Your sum is meaningful so long as there are finitely many chips in the box, but you haven't demonstrated that it still has any meaning when we take it to the infinite level.Does not this argument apply to any infinite sum? How can I ever say any infinite sum, e.g. Sum [k = 1 to infinity] {(-1)k+1 / k }, has a value? My book says this is equal to log(2), and I bet you've got more than one book which agrees with this. How would you "demonstrate that it still has any meaning when we take it to the infinite level"?

If the chips are not numbered, does the height of the stack converge to a value greater than zero? If instead of summing chip thicknesses, I sum line lengths in the same fashion, certainly you agree that converges, don't you?

Cabbage
12-10-2002, 05:49 PM
ZenBeamIsn't this (more or less) the definition of convergence?
Yes, but what's missing is whether or not this is an appropriate way to describe the height of the chips after the full two hours is up.
...My book says this is equal to log(2), and I bet you've got more than one book which agrees with this. How would you "demonstrate that it still has any meaning when we take it to the infinite level"?
It's important to remember that we're not actually adding up infinitely many numbers. The sum of the infinite series means that, as we add up the terms of the series (in that particular order), the sum gets arbitrarily close to log(2). That's important in some cases. For example, if you wanted a decimal expression for log(2), you could sum up some initial terms in that series--the farther you go out, the closer you'll be--that would be a nice application of an infinite series.

I should mention here yet another counter-intuitive aspect of infinity. About that infinite series just mentioned above--pick a real number. I can rearrange the terms of that series so that it will converge to the real number you picked. Again, order is important here.

In the original example, at each step the box contains certain integers; after all the steps have been taken, the box will still contain a subset of the integers. The limit of the number of chips in the intermediate steps is not the same as the number of chips in the box in its final state--it's that simple.
If the chips are not numbered, does the height of the stack converge to a value greater than zero? If instead of summing chip thicknesses, I sum line lengths in the same fashion, certainly you agree that converges, don't you?
If you're talking about adding chips and removing chips along the way, then no there's no way to talk about convergence in any way. Remember, the ordering of the chips is important, just as the ordering of the above infinite series is important. You might add and remove the exact same chips, only in a different order than before, and the height of the stack will converge to a completely different value.

Same thing with line lengths, if we go along and say something to the effect, "Then at this step I add in a line segment of length one, and take away a line segment of length 1/2, then add a line segment of length 2, take away a length of 2.3,...", then it's absolutely impossible to say anything about the what the length will be in the end. And if you do the same steps in a different order, you might get it converging to a different value (just as the infinite series demonstrates).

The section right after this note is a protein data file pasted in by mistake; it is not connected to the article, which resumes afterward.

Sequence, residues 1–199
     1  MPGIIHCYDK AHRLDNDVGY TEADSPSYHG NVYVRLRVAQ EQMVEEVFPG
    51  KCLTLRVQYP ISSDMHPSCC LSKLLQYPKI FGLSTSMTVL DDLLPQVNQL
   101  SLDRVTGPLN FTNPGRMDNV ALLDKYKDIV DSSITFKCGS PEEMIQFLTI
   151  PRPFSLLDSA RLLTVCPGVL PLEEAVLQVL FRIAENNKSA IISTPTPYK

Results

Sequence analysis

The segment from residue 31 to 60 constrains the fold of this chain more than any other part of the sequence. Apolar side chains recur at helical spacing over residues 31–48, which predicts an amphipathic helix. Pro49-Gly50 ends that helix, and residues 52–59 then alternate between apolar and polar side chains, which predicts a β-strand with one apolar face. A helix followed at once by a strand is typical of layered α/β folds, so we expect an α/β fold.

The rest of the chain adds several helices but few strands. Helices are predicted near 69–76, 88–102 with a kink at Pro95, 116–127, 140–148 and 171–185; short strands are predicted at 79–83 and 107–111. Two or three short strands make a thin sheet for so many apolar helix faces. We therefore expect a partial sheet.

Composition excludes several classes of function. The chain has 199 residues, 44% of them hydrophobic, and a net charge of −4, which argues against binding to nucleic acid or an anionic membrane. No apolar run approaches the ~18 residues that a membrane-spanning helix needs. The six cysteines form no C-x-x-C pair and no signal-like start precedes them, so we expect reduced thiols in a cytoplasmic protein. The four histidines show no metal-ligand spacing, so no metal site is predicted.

They're the same size. A continuous function from R to R is essentially a function from Q to Q. It's not hard to show that Q -> Q is the same size as R, but I'd have to work out the details again.
That's right, I see what you're saying. Thanks, ultrafilter.

ultrafilter
12-10-2002, 05:51 PM
Originally posted by Cabbage
That's right, I see what you're saying. Thanks, ultrafilter.

No problem.

Tyrrell McAllister
12-10-2002, 05:53 PM
Even if a function f(x) converges to a particular value y0 as x approaches a point x0, it needn't follow that f(x0) = y0.

So, in the case of you height function H, given by
H(N) = Sum [k = 1 to N] {1/(2*k-1) + 1/(2*k )- 1/k },we do indeed have that H(N) converges to some nonzero number y0 as N goes to infinity, and by a certain abuse of notation, we could write
H(infinity) = limit [N --> infinity] H(N) = y0.Now, by doing this, we would be defining H(infinity) to be the limit of a certain sequence of partial sums. But there is no guarantee that this definition would match the more natural definition of H(infinity), which is as the height of the stack of chips in the dish at t = 2 hours. And, in fact, under this second definition, H(infinity) = 0.

moes lotion
12-11-2002, 12:07 AM
Okay, I was wrong - about my last post being the last post I'll make in this thread. Once more into the breech...

It seems to me that the underlying sticking point here is that I don't accept that the process as described can ever stop. Because the set of +ve integers is infinite (a point on which I trust all agree), therefore there is no last step - the whole argument about what's in the bowl after the deity of your choice has finished simply doesn't apply.

ultrafilter said
You're right. After any finite number of steps, the bowl is never empty. That doesn't mean that it isn't empty after an infinite number of steps.

But the limit as n aproaches infinity of 1 + n is infinity. Surely you don't have trouble understanding this? I'm not saying that is is a particular number, but that is is larger than any number you can name, including 0.

William_Ashbless said
Except that, as has already been mentioned, any particular finitely numbered chip has already been removed. Pick one. 147? 20045? 999998? They've all been removed, and we can tell you exactly at what step.